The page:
Sherlock Gnomes, 2018.
Directed by John Stevenson.
Featuring the voice talents of James McAvoy, Emily Blunt, Johnny Depp, Chiwetel Ejiofor, Maggie Smith, Michael Caine, Mary J. Blige, Jamie Demetriou, Ashley Jensen and Matt Lucas.
When all of their friends are kidnapped right out of the garden, Gnomeo and Juliet join forces with a backyard-based sleuth to track down the culprit behind a crime wave of ornament disappearances across London.
Though it grossed more than five-fold its budget worldwide, how many people – kid or otherwise – were really clamouring for a follow-up to 2011’s not-bad, not-great animated romp Gnomeo and Juliet? It was an adequate babysitting tool that wasn’t especially painful for adults to sit through, but little else. Seemingly in spite of itself and everyone involved, however, Sherlock Gnomes is here, and its algorithm-programmed “delights” make the original seem positively soulful and effervescent by comparison.
Throwing a gnome version of the World’s Greatest Detective (Johnny Depp) into the mix is a cute enough idea that it theoretically could’ve imbued this perfunctory sequel with some much-needed joie de vivre, but without the required smarts or vocal performers who dare to muster much enthusiasm, this is an exhaustingly dull effort that might leave even the kiddies restless.
There’s an odd straight-to-video feel to the movie from the outset, for while the visuals themselves are actually fairly solid – especially some 2D animated sequences where Gnomes enters his “Mind Palace” – most of the voice actors turn in work so aggressively anonymous you’d be forgiven for thinking they were mere soundalikes.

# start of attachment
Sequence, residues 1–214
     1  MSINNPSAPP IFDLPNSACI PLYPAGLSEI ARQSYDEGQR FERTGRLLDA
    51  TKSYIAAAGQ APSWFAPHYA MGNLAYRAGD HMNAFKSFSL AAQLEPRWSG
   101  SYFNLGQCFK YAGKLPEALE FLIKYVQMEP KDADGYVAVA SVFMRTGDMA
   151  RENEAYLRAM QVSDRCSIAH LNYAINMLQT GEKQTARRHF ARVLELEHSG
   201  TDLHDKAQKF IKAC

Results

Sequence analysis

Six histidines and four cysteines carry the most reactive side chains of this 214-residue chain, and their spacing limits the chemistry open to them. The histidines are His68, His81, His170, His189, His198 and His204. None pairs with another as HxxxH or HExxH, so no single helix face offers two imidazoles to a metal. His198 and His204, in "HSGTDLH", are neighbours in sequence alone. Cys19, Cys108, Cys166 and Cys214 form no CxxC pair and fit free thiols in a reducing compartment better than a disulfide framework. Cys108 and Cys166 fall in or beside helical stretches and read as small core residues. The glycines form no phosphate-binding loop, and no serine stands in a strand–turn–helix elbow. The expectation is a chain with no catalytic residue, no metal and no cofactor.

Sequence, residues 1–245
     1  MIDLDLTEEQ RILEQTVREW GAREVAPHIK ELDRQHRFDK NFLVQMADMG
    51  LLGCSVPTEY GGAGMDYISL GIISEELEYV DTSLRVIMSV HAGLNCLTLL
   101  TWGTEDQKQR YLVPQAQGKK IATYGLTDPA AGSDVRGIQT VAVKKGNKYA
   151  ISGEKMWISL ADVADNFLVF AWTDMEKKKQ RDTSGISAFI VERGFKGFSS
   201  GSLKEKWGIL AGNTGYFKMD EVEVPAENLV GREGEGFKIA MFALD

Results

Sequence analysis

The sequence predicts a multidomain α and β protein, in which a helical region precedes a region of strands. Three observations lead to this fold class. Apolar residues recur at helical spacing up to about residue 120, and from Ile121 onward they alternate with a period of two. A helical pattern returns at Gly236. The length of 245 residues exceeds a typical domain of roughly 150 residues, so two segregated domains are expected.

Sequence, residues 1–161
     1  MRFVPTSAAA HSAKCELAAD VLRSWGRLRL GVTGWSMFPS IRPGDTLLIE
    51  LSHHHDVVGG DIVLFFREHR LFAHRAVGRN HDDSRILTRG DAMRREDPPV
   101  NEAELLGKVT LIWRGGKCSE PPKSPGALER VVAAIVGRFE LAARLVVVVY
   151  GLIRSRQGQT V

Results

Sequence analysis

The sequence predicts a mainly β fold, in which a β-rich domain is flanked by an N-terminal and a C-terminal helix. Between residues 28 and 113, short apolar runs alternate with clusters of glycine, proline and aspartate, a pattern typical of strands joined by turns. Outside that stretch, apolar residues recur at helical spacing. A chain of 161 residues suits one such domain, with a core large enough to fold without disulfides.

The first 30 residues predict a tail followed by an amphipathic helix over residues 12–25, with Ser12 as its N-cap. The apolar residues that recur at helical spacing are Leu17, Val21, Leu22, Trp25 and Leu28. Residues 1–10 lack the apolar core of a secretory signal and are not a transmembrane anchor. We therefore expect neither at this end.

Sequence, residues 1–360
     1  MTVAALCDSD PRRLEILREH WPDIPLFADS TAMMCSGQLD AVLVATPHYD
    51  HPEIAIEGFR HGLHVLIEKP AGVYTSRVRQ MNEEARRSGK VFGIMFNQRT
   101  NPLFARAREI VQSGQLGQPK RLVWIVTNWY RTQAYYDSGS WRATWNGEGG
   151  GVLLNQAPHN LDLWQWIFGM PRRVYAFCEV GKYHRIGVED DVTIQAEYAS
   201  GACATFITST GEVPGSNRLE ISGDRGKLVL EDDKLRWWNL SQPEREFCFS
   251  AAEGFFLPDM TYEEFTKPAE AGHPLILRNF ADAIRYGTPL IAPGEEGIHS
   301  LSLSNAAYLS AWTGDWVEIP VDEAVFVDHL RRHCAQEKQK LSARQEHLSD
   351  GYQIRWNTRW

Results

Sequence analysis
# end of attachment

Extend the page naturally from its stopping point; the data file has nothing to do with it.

What’s most baffling of all is the sheer abundance of talented actors who show up for little more than a scattered line or two; Michael Caine’s paycheck probably cost him 10 minutes of his time, and rather than exploit Stephen Merchant’s tremendous talents, he has about six lines of placeholder dialogue. Hell, even legendary 89-year-old character actor James Hong shows up to spit out a few lines, bless him.
James McAvoy is meanwhile unrecognisable enough here as Romeo that he could’ve easily been recast without anyone noticing, though Emily Blunt does bring a smidge more expressiveness to Juliet, yet only just. Depp, while an intriguing casting pick for Gnomes on paper, mostly just settles for a consistently flat monotone that’s not nearly hammy enough. Chiwetel Ejiofor demonstrates sure promise as Watson, but it’s at least a little bit weird that Watson remains white despite the casting.
They’re all thoroughly shown up by comparable unknown Jamie Demetriou, who provides the suitably wacky vocal rendition of antagonist Moriarty. Aided by a legitimately creepy character design – resembling the grotesque love-child of Ghostbusters’ Stay-Puft Marshmallow Man, Betty Boop and Sin City‘s Yellow Bastard – the pie mascot iteration of Holmes’ most iconic foe is the sort of loony delight the rest of the movie sorely needed more of.
Ultimately, though, it comes down to the script, which strains for the lowest-effort “joke” almost every single time, settling for some truly atrocious puns – rarely funny even in a knowingly awful way – and discards most of its meta potential in the first two minutes (with an admittedly funny gag name-dropping “Spider-Man: Gnomecoming”).
The plot is, as expected, total nonsense, ultimately resembling a dime-store Toy Story knock-off and little more, and even with an extremely reasonable 86-minute runtime – which you can slice another 10 minutes away from for the end credits – it’s an utter, soul-sucking bore to reach the end. The various third-act reveals are hilariously obvious, even accepting who this is aimed at, and by the time the thing finally ended, I’d already started to forget large swathes of what I’d sat through.
If you really – and I mean really – dug Gnomeo and Juliet, there may be some intermittent pleasures for you here, but otherwise the excessive musical numbers, generic “set-pieces”, lethargic performances and witless script will likely just wear your good mood thin. The small mercy, at least, is that the film’s paltry box office business to date pretty much damns the fate of this most unnecessary “franchise.”
Parents can do so much better for their kids, and if you’re a grown adult seeing this not at-gunpoint, you may want to think on your masochistic tendencies.
Flickering Myth Rating – Film: ★ ★ / Movie: ★ ★
Shaun Munro – Follow me on Twitter for more film rambling.